Time evolution of integrals

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In many applications, one needs to calculate the rate of change of a volume or surface integral whose domain of integration, as well as the integrand, are functions of a particular parameter. In physical applications, that parameter is frequently time t.


The rate of change of one-dimensional integrals with sufficiently smooth integrands, is governed by this extension of the fundamental theorem of calculus:

\frac{d}{dt}\int_{a\left( t\right) }^{b\left( t\right) }f\left( t,x\right) dx=  \int_{a\left( t\right) }^{b\left( t\right) }\frac{\partial f\left( t,x\right) }{\partial t}dx+f\left( t,b\left( t\right) \right) b^{\prime }\left( t\right) -f\left( t,a\left( t\right) \right) a^{\prime }\left( t\right)

The calculus of moving surfaces[1] provides analogous formulas for volume integrals over Euclidean domains, and surface integrals over differential geometry of surfaces, curved surfaces, including integrals over curved surfaces with moving contour boundaries.

Volume integrals[edit]

Let t be a time-like parameter and consider a time-dependent domain Ω with a smooth surface boundary S. Let F be a time-dependent invariant field defined in the interior of Ω. Then the rate of change of the integral \int_\Omega F \, d\Omega

is governed by the following law:[1]

 \frac{d}{dt} \int_\Omega F \, d\Omega =\int_\Omega \frac{\partial F}{\partial t} \, d\Omega + \int_S  CF \, dS

where C is the velocity of the interface. The velocity of the interface C is the fundamental concept in the calculus of moving surfaces. In the above equation, C must be expressed with respect to the exterior normal. This law can be considered as the generalization of the fundamental theorem of calculus.

Surface integrals[edit]

A related law governs the rate of change of the surface integral

 \int_S F \, dS

The law reads

 \frac{d}{dt } \int_S F \, dS = \int_S \frac{\delta F}{\delta t} \, dS - \int_S CB^\alpha_\alpha \, dS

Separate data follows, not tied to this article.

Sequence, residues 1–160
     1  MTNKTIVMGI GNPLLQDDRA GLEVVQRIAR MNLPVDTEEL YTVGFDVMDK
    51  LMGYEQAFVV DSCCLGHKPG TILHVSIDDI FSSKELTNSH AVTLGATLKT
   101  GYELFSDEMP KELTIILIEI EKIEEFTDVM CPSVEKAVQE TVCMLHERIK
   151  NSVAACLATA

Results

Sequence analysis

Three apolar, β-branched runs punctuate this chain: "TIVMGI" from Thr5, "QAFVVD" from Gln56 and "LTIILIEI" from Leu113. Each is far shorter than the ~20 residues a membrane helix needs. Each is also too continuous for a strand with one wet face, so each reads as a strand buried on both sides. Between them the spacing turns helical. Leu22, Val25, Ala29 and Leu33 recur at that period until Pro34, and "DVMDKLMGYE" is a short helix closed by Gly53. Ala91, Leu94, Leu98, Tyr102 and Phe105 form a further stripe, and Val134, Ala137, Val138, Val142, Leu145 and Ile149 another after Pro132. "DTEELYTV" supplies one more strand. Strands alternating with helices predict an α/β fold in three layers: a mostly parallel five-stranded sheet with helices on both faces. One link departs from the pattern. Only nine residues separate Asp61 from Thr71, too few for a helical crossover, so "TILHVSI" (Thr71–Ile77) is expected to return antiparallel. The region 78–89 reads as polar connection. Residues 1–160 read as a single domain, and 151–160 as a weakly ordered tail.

where the {\delta}/{\delta} t-derivative is the fundamental operator in the calculus of moving surfaces, originally proposed by Jacques Hadamard. B^\alpha _\alpha is the trace of the mean curvature tensor. In this law, C need not be expression with respect to the exterior normal, as long as the choice of the normal is consistent for C and B^\alpha_\alpha. The first term in the above equation captures the rate of change in F while the second corrects for expanding or shrinking area. The fact that mean curvature represents the rate of change in area follows from applying the above equation to F\equiv 1 since \int_S \, dS is area:

 \frac{d}{dt} \int_S S \, dS = -\int_S CB^\alpha_\alpha \, dS

The above equation shows that mean curvature B^\alpha_\alpha can be appropriately called the shape gradient of area. An evolution governed by

C\equiv B^\alpha_\alpha

is the popular mean curvature flow and represents steepest descent with respect to area. Note that for a sphere of radius R, B^\alpha_\alpha = -2/R, and for a circle of radius R, B^\alpha_\alpha = -1/R with respect to the exterior normal.

Surface integrals with moving contour boundaries[edit]

Illustration for the law for surface integrals with a moving contour. Change in area comes from two sources: expansion by curvature CB^\alpha_\alpha dt and expansion by annexation cdt.

Suppose that S is a moving surface with a moving contour γ. Suppose that the velocity of the contour γ with respect to S is c. Then the rate of change of the time dependent integral:

\int_S F \, dS


 \frac{d}{dt} \int_S F \, dS = \int_S \frac{\delta F}{\delta t} \, dS - \int_S CB_\alpha^\alpha F \, dS + \int_\gamma  c \, d\gamma

The last term captures the change in area due to annexation, as the figure on the right illustrates.


  1. ^ a b Grinfeld, P. (2010). "Hamiltonian Dynamic Equations for Fluid Films". Studies in Applied Mathematics. doi:10.1111/j.1467-9590.2010.00485.x. ISSN 00222526.